Popular majorities share them. Two recent studies, one by the Austin Institute and another by a Pew research arm, report similar statistics: roughly two-thirds of Americans regard pornography consumption as immoral. (25) Fewer than three in ten think that consuming pornography is morally acceptable. (26) These figures do not precisely confirm that there are grave social costs of pornography, or that these effects call for a governmental response. But a deeper dive into these data shows that the salient "immorality" of pornography is not what it once would have been thought to be, which was a semi-paternalistic worry about masturbation and sexual disorder within the consumer's psyche and soul. (27) The main worry now is social and cultural, and it encompasses the well-being of people who do not themselves engage pornography.

    That people think these social effects are beyond the capacity of the private sphere to cure is confirmed by another statistical finding: according to one survey only thirty-nine percent of the American people oppose legal restrictions on pornography. (28) According to another, eighty-one percent believe federal laws against Internet obscenity should be vigorously enforced. (29) These findings acquire greater cogency when mapped over the statistics of intentional pornography access, for that composite indicates that many of those who disapprove of pornography and who support legal restrictions on it, regularly use it.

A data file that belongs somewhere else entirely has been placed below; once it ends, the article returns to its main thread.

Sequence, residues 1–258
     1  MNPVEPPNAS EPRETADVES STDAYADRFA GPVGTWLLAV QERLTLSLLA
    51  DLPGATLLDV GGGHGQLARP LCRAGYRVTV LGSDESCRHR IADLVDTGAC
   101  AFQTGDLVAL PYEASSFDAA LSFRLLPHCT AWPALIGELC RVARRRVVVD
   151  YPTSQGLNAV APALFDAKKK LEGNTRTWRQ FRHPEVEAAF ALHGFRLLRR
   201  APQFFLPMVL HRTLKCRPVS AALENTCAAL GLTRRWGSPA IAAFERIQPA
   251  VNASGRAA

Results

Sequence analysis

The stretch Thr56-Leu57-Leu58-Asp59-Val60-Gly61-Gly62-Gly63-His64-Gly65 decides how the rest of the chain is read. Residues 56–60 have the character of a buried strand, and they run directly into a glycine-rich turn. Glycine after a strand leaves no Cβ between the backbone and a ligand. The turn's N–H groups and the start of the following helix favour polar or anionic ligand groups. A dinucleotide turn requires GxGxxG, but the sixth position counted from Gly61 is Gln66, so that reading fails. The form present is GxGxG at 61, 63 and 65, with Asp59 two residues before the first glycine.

The disquiet and these felt social costs owe much to the quality (if you will) as well as to the quantity of pornography today. Digitalized pornography is not just a more efficient delivery system of the pornography we remember, perhaps, from our youth. Consuming it is not just like gazing at a centerfold (or even a lot of centerfolds). Engaging with digital pornography is a new kind of sexual experience, one which is in some ways radically discontinuous with, say, going to a XXX movie. But neither is it a sexual relationship with another person. Digital pornography "replaces sex (for some), augments it (for others), and alters real sexual connection with real persons. It has changed sex and altered relationships in ways that iTunes has not changed music." (30)